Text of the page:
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If you don’t know what you’ve got, you don’t know what you can make. While simple, this statement sums up the importance of inventory accounting in any business. But the value of inventory is just as significant. While accurate unit counts mean actual performance will match the production schedule, inventory valuation affects many areas within the company.
Inventory valuation represents a company’s invested cash in inventory required to produce or sell goods. It’s used at the end of an accounting period, representing the value of the material and the costs associated with the acquisition, storage, and handling of the material.
Inventory valuation allows companies to calculate and analyze their Cost of Goods Sold (COGS). This valuation, in turn, is used with other enterprise-wide variables to determine overall profitability. Without an accurate inventory valuation, companies may lose money or miss opportunities for increased profits.
Inventory valuation is important because it impacts several critical areas in any company. These areas include:
Inventory is usually the highest cost for manufacturers. With correct inventory valuation, companies can calculate an accurate COGS. COGS represents the beginning inventory value plus the cost of all purchases and associated costs, minus the inventory value at the end of the accounting period.
Inventories are usually taken at quarter-end accounting periods. If the end value in one period is incorrect, the beginning value of the next is off as well. If the inventory counting system is prone to such errors, this can impact entire year profits and affect profitability.
Many manufacturing companies utilize “bridge loans” or “factoring.” Factoring is a short-term loan strategy to provide cash flow between long-term accounts receivable. Criteria for these short-term loans are often tied to overall inventory value and even to the age of inventory items. Incorrect inventory valuation could mean less short-term credit available for cash flow.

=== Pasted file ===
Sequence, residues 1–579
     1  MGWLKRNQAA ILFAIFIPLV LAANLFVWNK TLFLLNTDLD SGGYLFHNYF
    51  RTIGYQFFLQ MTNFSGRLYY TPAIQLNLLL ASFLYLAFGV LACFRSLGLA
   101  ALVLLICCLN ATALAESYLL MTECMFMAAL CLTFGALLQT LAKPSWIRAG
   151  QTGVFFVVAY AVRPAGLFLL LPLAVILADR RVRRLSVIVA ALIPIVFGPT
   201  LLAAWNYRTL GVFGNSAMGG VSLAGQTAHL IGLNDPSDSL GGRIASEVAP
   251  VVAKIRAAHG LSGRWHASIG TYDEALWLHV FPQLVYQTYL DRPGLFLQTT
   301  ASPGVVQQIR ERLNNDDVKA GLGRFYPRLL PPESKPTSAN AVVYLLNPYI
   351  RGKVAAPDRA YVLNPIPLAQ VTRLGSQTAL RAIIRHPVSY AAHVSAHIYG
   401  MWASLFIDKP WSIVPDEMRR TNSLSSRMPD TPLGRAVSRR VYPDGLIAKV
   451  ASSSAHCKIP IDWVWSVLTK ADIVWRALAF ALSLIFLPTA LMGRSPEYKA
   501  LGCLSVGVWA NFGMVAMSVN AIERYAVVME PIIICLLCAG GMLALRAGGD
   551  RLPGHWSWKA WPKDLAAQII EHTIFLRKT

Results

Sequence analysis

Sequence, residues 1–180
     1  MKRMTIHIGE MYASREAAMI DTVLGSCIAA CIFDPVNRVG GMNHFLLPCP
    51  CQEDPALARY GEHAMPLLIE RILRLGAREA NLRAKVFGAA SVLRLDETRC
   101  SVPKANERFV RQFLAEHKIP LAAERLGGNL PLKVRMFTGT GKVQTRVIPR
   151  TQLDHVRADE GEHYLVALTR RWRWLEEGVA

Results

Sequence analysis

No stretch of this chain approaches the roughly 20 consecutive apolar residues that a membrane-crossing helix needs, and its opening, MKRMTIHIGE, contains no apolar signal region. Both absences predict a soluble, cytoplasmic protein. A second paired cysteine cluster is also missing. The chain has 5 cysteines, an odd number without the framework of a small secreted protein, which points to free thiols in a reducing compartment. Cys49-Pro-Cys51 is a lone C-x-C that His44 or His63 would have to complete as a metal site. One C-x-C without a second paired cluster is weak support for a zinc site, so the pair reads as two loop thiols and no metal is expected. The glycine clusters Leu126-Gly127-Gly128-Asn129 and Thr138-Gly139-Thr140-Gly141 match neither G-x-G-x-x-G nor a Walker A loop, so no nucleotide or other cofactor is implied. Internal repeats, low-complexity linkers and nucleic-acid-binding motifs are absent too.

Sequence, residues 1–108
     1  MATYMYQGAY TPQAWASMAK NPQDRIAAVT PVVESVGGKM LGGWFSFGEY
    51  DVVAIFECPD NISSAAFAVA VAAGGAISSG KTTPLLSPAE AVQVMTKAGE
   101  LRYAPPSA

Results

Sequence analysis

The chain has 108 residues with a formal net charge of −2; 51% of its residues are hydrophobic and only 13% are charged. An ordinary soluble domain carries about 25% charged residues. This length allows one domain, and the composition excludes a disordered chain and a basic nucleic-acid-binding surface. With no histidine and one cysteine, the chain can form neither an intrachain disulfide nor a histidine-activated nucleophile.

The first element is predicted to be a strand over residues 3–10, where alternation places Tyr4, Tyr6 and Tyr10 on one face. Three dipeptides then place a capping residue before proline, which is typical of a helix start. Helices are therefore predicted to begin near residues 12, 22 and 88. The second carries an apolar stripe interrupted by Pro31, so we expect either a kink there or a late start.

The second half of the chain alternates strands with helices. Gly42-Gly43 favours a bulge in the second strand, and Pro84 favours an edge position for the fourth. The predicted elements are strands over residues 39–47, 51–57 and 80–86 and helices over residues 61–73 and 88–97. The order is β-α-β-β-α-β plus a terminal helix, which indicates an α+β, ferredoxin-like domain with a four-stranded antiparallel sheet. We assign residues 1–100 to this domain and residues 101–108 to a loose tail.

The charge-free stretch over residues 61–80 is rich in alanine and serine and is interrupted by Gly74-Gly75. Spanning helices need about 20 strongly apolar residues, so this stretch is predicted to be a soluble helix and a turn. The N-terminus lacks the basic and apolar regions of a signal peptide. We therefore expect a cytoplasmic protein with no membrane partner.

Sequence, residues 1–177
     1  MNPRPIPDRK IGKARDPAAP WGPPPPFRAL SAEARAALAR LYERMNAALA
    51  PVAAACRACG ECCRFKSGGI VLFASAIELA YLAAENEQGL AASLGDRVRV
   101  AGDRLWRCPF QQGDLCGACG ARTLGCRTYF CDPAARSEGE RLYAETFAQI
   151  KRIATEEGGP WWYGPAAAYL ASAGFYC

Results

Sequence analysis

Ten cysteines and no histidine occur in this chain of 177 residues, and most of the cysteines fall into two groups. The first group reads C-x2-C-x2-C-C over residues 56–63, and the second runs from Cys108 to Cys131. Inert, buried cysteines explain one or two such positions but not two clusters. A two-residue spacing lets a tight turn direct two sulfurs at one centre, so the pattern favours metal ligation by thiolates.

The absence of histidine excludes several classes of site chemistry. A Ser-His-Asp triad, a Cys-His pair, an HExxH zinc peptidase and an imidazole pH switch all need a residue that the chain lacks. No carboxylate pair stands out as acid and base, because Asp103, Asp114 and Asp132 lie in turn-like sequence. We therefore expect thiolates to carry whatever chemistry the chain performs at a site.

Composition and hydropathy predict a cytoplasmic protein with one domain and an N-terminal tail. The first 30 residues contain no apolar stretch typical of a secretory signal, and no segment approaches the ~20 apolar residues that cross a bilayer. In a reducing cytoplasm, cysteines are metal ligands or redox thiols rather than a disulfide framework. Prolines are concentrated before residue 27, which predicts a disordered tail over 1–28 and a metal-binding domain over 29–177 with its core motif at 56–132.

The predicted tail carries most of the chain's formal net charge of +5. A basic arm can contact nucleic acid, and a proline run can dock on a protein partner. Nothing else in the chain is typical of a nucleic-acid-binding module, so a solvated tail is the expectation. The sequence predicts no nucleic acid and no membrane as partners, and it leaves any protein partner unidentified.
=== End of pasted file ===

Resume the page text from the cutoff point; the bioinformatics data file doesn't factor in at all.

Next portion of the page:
Depending on the size, WIP, and length of time held, inventory can impact income taxes for the enterprise. Some methods of inventory valuation are better than others for income tax assessment.
While there are many variations of inventory valuation methods, the three most common are First in First Out (FIFO), Last in First Out (LIFO), and Weighted Average Cost (WAC). Which method a manufacturer chooses will depend on the industry, the value of the materials, and the company’s finance strategy.
First In First Out inventory valuation relies on the assumption that goods are sold in the purchase order. FIFO is the most used valuation method and is a simple, easy method for costing. There are advantages during an inflationary period as the ending inventory can have a higher value resulting in a lower COGS and better gross profit margin. However, it’s less accurate for costing in cases where prices may spike due to supply chain disruption, and it’s less advantageous for taxation.
Last in First Out relies on the assumption that new stock is sold first. While this may sound counterintuitive, there are benefits to the method. If a manufacturer knows that costs will increase within accounting periods or from period to period, selling the first in inventory impacts COGS to allow them to report lower profitability. This method reduces the income tax burden on the business.
If a company’s inventory doesn’t vary significantly between accounting periods, they may choose to use the Weighted Average Cost method. Here, all items purchased are averaged on a cost basis. One example would be a manufacturer of a commodified product with steady production, stable and predictable growth, and a small number of raw material SKUs. The WAC method will allow the company to capture an accurate cost value because the numbers won’t change much over time and predicting potential change is easier.
You’ll choose the valuation method that fits your company’s products, markets, and industry. But valuation is so critical that relying on a strong software solution is how to lock in the highest degree of accuracy. While others are still scratching away with pencils and staring at spreadsheets, you can be ahead of the game taking next-level steps like automating purchases and linking them to distribution logistics.
Plex’s Smart Manufacturing Platform helps modern day manufacturers like you better manage their inventory, regardless of your chosen valuation method. Learn how right here.